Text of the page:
I realize your application using SQLite is small and SQLite has its own semantics. Other solutions posted here may well have the effect that you want in this specific setting, but in my view every single one of them I have read so far is fundamentally incorrect and should be avoided.
In a normal environment holding a transaction for user input should be avoided at all costs. The way to handle this, if you need to store intermediate data, is to write the information to a scratch table for this purpose and then attempt to write all of the information in an atomic transaction. Holding transactions invites deadlocks and concurrency nightmares in a multi-user environment.
In most environments you cannot assume data retrieved via SELECT within a transaction is repeatable. For example
SELECT Balance FROM Bank ...
UPDATE Bank SET Balance = valuefromselect + 1.00 WHERE ...
Subsequent to UPDATE the value of balance may well be changed. Sometimes you can get around this by updating the row(s) your interested in Bank first within a transaction as this is guaranteed to lock the row preventing further updates from changing its value until your transaction has completed.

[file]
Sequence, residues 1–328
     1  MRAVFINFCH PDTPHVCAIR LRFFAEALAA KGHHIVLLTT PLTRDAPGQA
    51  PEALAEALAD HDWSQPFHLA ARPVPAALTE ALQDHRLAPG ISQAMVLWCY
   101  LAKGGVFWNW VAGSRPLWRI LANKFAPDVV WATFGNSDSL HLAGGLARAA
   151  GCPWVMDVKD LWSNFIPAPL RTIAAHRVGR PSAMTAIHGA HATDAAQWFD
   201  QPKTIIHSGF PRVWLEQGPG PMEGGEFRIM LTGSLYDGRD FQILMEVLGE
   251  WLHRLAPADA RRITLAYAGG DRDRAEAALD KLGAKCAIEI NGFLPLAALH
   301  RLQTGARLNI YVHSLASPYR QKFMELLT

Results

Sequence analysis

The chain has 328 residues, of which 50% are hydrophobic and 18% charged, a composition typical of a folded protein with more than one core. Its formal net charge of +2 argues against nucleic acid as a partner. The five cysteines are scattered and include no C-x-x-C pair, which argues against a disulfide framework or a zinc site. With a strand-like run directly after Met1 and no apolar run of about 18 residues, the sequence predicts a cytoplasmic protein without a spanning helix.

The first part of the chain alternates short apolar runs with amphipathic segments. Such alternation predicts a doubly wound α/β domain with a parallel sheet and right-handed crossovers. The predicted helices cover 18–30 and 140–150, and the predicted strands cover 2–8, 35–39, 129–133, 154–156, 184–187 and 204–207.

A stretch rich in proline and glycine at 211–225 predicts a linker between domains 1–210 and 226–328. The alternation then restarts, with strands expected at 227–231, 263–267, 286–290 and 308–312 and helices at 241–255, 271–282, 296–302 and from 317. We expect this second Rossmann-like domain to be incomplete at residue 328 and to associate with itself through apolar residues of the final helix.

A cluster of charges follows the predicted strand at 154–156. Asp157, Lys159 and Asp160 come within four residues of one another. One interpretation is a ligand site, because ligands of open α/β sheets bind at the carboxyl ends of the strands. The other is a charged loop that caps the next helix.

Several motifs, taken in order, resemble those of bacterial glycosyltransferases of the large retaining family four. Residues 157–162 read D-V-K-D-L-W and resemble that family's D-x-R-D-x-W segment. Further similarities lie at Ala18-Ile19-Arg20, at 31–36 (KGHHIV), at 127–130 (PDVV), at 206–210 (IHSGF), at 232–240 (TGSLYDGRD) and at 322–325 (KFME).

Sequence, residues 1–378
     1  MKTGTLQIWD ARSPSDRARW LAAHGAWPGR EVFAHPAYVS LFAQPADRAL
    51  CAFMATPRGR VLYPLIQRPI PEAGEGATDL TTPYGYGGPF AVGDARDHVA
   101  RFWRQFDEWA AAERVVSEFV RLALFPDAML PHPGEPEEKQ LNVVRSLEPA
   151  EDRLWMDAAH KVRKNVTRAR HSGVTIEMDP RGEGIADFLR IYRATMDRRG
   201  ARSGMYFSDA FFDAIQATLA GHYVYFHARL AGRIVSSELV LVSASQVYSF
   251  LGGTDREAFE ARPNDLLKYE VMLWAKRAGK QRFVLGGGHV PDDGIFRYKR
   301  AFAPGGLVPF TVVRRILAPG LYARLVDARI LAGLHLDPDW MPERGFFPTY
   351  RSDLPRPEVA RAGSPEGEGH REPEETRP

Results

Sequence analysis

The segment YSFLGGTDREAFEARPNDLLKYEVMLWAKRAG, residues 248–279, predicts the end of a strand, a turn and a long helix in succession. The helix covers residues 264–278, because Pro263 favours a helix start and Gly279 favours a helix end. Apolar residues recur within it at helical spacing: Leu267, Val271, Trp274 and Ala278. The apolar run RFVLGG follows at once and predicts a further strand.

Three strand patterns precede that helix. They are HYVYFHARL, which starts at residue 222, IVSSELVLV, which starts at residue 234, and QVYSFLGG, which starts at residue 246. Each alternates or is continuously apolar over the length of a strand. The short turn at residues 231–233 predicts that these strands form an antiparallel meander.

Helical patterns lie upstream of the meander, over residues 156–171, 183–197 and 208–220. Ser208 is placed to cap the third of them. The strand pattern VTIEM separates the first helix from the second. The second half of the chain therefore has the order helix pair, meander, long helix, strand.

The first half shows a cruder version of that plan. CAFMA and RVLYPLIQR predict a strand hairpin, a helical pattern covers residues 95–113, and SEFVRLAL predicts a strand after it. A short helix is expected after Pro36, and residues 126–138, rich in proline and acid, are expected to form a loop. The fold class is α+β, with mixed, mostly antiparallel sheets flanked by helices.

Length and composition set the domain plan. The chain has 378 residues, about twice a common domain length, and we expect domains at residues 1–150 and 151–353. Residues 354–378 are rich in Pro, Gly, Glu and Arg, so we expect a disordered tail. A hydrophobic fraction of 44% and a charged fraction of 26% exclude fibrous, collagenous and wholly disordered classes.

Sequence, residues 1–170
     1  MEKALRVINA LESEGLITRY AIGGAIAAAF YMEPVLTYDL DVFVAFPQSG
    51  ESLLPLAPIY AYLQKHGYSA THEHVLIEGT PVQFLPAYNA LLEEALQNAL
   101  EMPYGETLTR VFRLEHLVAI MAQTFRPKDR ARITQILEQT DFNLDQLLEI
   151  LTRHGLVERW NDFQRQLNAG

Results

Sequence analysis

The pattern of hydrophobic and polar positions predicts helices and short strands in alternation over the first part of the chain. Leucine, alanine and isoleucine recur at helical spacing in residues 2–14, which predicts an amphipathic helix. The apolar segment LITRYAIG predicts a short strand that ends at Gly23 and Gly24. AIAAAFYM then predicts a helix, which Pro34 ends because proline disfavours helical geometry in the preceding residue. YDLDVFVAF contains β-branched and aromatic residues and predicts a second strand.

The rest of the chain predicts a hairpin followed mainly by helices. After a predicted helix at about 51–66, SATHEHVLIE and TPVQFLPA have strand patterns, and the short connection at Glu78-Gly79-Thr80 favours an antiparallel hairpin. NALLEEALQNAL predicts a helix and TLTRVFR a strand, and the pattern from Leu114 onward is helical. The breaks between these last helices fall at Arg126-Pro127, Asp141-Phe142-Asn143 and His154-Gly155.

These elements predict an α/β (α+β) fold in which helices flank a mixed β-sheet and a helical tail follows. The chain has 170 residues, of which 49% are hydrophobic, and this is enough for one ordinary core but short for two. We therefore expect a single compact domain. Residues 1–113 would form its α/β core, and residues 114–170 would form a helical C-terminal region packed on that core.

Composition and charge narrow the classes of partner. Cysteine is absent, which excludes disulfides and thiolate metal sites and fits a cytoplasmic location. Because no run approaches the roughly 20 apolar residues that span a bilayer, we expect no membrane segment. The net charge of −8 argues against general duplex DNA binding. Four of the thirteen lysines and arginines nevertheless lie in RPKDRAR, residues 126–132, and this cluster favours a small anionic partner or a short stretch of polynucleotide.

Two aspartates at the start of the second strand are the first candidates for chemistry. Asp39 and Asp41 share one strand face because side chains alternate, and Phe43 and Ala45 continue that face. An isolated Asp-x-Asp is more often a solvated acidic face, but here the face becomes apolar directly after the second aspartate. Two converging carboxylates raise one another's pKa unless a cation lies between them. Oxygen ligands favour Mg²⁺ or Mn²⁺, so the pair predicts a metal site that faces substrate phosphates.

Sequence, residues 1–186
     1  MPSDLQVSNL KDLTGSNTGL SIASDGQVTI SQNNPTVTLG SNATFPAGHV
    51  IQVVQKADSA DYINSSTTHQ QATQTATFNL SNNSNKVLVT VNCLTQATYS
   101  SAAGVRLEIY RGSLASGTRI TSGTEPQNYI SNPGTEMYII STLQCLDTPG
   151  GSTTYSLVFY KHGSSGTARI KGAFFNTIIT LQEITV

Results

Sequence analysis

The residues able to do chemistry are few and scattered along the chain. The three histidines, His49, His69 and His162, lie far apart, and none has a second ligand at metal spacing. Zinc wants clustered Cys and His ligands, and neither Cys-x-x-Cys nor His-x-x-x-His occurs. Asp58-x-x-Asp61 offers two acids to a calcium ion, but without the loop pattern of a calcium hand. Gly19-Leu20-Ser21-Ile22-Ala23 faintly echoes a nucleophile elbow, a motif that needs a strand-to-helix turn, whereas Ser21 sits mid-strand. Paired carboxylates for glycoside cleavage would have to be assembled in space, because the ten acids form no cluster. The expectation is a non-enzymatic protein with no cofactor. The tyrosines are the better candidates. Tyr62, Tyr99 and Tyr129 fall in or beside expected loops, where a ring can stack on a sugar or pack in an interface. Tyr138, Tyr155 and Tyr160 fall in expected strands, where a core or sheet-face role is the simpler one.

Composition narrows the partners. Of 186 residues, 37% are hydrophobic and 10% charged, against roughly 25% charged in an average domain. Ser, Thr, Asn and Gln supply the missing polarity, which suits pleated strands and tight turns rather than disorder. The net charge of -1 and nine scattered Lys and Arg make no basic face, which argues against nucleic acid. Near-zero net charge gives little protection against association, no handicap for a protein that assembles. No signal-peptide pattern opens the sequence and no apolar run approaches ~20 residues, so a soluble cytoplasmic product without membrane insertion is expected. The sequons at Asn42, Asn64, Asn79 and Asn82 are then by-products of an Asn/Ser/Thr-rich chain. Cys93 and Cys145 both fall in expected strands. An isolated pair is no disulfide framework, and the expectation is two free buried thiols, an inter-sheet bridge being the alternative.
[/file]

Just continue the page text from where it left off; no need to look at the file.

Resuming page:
However, sometimes a better way to ensure consistency in this case is to check your assumptions about the contents of the data in the WHERE clause of the update and check row count in the application. In the example above when you "UPDATE Bank" the WHERE clause should provide the expected current value of balance:
WHERE Balance = valuefromselect
If the expected balance no longer matches neither does the WHERE condition -- UPDATE does nothing and rowcount returns 0. This tells you there was a concurrency issue and you need to rerun the operation again when something else isn't trying to change your data at the same time.